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Vietnam’s security chief To Lam becomes new president | Politics News


Lam’s appointment comes after a major anticorruption drive that analysts say he has weaponised for his benefit.

Vietnam’s rubber-stamp parliament has approved public security minister To Lam as the country’s new president after a major anticorruption campaign forced his predecessor to resign.

In line with the one-party state’s usual procedures, the National Assembly voted unanimously on a resolution that approved 66-year-old Lam’s election after a secret ballot in which he was the only candidate for the job. The vote followed his nomination by the ruling Communist Party last week.

Thousands of people – including several senior government and business leaders – have been caught up in a sweeping crackdown on corruption known as “blazing furnace” in which Lam, who is deputy head of the steering committee on anticorruption, has played a central role.

Lam takes over from Vo Van Thuong, who resigned in March over what the party called “violations and shortcomings”, after just a year in the job. The next month the National Assembly chairman also resigned over “violations and shortcomings“.

Analysts have said that Lam, who is deputy head of the steering committee on anticorruption, has weaponised its investigations to take down his political rivals.

In his first remarks after being confirmed as president, he told parliament that he would “resolutely and persistently continue the fight against corruption”.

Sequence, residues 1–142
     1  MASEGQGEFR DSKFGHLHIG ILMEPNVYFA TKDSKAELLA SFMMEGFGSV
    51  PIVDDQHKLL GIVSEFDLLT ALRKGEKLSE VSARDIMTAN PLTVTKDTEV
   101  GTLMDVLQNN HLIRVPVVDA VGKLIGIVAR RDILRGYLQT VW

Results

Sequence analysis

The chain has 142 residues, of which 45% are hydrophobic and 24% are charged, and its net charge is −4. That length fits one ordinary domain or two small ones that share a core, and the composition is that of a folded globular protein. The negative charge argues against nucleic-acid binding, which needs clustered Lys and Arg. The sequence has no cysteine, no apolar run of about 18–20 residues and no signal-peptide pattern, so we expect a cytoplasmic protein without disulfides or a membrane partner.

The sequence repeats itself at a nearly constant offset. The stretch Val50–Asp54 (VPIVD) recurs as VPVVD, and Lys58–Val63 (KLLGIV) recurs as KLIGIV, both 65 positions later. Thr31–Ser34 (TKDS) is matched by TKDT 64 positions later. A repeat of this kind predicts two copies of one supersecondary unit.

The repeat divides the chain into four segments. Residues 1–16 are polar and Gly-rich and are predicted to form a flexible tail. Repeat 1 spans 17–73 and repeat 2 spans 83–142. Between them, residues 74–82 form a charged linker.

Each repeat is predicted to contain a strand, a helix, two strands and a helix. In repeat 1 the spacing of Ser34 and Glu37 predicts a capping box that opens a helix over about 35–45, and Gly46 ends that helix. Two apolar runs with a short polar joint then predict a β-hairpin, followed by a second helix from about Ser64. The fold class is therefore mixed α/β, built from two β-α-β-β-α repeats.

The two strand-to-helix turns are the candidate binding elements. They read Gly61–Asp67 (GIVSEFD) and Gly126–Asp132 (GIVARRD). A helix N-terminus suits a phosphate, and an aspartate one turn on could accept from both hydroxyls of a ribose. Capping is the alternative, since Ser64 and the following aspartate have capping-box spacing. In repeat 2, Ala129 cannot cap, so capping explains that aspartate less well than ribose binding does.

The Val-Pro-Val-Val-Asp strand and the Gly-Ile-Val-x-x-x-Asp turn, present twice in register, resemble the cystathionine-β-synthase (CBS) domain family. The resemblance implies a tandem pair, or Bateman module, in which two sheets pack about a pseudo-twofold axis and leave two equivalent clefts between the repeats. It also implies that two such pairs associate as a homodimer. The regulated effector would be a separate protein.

‘Stepping stone’

The state president holds a largely ceremonial role but is one of the country’s top four political positions, the so-called “four pillars”. The others are the party chief, the prime minister and the parliament speaker.

Carl Thayer, emeritus professor and Vietnam expert at the Australian Defence Force Academy in Canberra, said the election should restore some calm, albeit temporarily. Ageing party chief Nguyen Phu Trong’s third five-year term ends in 2026 – or earlier if he steps down before his mandate expires.

“To Lam could use his position as one of the ‘four pillars’ as a stepping stone to become general secretary,” said Thayer, referring to the party chief job.

“With the elevation to the office of president, it becomes clear that there are more ambitions for To Lam than retirement,” said Florian Feyerabend, the representative in Vietnam for Germany’s Konrad Adenauer Foundation, a think tank, noting the position could be a “launchpad” to secure his position as party chief.

Feyerabend said continued infighting was “the modus operandi of the system” and was likely to continue until Nguyen Phu Trong’s successor was chosen.

Lam’s rise has not been without controversy, and the parliament decided that he would not continue as minister for public security, which deals with the monitoring of dissent and surveillance of activists in the dictatorship.

Rights campaigners say the government has in recent years stepped up a crackdown on civil society groups, and the Vietnam-focused rights organisation The 88 Project says 200 activists are currently in prison.

No longer at the helm of the Ministry of Public Security, Lam “may be in a weaker position to take down Pham Minh Chinh”, the prime minister and only other contender for general secretary, said Zachary Abuza, a professor at the National War College in Washington.

Lam also drew anger in Vietnam in 2021 when celebrity chef Nusret Gokce, known as “Salt Bae”, uploaded a video of Lam eating a gold-encrusted steak at his London restaurant, while Vietnam was under COVID-19 lockdown. The video went viral before the Turkish chef removed it.

A noodle seller who later posted a video imitating “Salt Bae” by sprinkling herbs on noodle soup was sentenced to five years in prison for “anti-state propaganda”.

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